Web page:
God I hope we get out and precipitate the collapse of the whole thing. We have the political and economic clout to do it. Poor little Greece has been well and truly shafted.
Because their government was hoping that the result of the referendum would be a "yes"
 

AFCB_Mark

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#72
Right, so..

Merkel and her Eurozone bigwigs spent days negotiating with Tsipras and Greece, on the basis that the IMF would front up a ton of cash to bring the Greek banks out of the crap. The Eurozone bask in their magnificence at saving their Euro project.

And then the IMF turn around and tell them to bugger off, that the deal is non-workable and that they don't want to touch Greece with a barge pole.

So did nobody think to ask the IMF first? Or did Merkel just assume they'd step in line?

You can't make this stuff up.

And today is the deadline for the Greek Parliament to pass these humiliating reforms and jump through the hoops, how can they do that with this huge question mark over the deal?
 

nousername

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#73
^ I read the BBC article about the IMF this morning (albeit briefly) and my take on it was that the bailout was still on, only that the IMF were not particularly best pleased with the terms.

Were the IMF involved in the recent last minute negotiations? Looking back I can only recall hearing about Merkel, Juncker and the Greeks.

Anyway, as you say, the whole thing is a complete mess.
 
A

Alty

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#74
So having listened to some very clever people explaining all this, I think I've got a better idea of what's happened and why.

The deal is terrible and won't be a long-term solution. However, it will see Greece through in the short-term and that was a minimum requirement for Eurozone members. They don't trust or like Syriza and so are happy to kick the can down the road for now, especially as they've been able to refuse Greek requests for debt relief (a big plus with Northern European electorates - particularly the German one).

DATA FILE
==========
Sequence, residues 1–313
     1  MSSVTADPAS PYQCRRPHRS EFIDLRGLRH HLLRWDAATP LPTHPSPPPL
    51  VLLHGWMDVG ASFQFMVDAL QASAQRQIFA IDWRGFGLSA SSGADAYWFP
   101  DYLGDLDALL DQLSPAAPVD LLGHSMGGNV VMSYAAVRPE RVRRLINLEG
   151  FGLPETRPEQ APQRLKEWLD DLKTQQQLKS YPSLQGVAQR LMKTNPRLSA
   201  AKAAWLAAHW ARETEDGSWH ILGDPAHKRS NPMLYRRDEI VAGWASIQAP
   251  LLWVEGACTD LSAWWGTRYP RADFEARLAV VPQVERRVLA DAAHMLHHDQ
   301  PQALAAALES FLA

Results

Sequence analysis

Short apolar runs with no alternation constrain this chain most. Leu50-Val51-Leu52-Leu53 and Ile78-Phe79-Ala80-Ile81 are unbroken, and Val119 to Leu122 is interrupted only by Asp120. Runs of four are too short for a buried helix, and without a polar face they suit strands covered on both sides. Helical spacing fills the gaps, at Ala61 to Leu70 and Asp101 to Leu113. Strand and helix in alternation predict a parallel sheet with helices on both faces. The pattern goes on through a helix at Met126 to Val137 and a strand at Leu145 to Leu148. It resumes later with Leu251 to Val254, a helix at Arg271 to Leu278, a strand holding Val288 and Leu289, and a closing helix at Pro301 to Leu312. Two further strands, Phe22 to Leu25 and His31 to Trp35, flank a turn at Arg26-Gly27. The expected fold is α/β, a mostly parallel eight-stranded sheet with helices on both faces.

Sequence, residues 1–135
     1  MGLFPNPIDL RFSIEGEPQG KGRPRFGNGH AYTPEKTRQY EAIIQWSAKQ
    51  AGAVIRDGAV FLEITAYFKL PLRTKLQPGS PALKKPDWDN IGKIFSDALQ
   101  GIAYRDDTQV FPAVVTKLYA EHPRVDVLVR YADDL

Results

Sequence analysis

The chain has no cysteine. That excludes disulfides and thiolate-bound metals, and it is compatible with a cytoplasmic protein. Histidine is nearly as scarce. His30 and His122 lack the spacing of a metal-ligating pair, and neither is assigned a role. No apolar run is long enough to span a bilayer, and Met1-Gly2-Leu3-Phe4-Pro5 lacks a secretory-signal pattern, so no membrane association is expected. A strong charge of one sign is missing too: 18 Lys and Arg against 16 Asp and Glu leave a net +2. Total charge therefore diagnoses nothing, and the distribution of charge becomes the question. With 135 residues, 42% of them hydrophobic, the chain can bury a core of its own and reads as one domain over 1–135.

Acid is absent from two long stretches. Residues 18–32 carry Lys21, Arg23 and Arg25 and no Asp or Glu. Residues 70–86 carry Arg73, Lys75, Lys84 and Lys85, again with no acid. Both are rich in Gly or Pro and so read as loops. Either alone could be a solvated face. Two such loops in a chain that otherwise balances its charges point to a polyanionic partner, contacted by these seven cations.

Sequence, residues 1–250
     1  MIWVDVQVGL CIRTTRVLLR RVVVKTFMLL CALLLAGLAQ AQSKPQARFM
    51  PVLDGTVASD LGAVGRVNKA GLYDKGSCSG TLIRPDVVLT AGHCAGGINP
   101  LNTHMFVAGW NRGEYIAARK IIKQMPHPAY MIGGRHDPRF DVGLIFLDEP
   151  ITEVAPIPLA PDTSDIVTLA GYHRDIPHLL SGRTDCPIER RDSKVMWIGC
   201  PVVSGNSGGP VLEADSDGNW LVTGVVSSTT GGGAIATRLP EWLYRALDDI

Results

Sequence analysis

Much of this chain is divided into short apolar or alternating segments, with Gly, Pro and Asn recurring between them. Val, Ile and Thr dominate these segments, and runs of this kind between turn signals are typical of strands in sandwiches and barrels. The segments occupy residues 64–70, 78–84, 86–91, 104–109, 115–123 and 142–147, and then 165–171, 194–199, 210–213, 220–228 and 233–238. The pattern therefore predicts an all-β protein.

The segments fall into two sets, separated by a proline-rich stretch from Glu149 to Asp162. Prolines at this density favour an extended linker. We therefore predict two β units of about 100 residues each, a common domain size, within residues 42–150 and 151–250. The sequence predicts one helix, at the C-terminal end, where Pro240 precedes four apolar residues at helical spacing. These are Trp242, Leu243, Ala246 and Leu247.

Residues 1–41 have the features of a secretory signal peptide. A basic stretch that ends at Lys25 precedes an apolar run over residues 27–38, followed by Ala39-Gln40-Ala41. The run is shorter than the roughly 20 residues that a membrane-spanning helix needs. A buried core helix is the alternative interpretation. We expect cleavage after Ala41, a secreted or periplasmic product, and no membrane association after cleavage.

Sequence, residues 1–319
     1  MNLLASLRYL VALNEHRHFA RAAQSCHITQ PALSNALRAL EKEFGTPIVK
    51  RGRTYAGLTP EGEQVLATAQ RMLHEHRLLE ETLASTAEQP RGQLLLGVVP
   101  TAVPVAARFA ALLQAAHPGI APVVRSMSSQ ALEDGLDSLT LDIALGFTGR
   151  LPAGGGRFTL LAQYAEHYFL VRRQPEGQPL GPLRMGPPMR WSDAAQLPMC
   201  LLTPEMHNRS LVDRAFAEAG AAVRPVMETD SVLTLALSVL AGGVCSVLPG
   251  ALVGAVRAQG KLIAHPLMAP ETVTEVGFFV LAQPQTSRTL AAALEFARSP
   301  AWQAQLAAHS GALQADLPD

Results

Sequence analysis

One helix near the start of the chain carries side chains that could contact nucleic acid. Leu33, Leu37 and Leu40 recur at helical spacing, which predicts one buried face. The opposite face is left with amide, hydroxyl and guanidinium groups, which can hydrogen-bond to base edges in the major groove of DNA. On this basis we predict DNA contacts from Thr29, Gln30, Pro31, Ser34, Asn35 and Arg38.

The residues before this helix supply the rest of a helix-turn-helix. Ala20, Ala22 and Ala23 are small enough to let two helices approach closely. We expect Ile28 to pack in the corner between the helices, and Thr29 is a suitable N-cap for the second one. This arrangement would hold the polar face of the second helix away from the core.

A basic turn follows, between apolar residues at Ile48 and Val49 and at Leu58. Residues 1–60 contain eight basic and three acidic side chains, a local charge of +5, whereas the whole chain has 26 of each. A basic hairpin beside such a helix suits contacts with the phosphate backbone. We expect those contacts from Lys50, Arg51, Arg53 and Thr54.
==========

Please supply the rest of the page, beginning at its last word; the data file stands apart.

The reason the Greeks seem to have accepted an even worse deal than they were offered pre-referendum is the other Eurozone Ministers realising that there simply hadn't been the requisite contingency plans made in Greece for leaving the Euro. Tspiras knew there would have been genuine chaos had a deal not been done as there was no means to recapitalise the banks and no logistical blueprint for the months immediatelypost-Grexit. and this left him with no leverage at all in negotiations. He basically had to take whatever he was offered.

Most people of all political hues now seem to accept that Greece would be better off outside the Euro. But they remain trapped inside. The misery continues.

Not sure what impact all this will have on our own renegotiation and referendum. While on the face of it it casts the EU in a very poor light, there's also the possibility that both the Commission and other Member States will fear the project is on the verge of collapse and so will give Cameron some genuine reforms to present to the electorate in order to boost the 'Yes' campaign.
 

AFCB_Mark

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#75
Greek election called for September because the Syriza party is split on how to vote on the bail out terms.
 

Red

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#76
Yeah, their PM has resigned. I might apply for the job. I haven't got a fucking clue how to run a country, but judging by the last few years I don't think that will be on the person spec.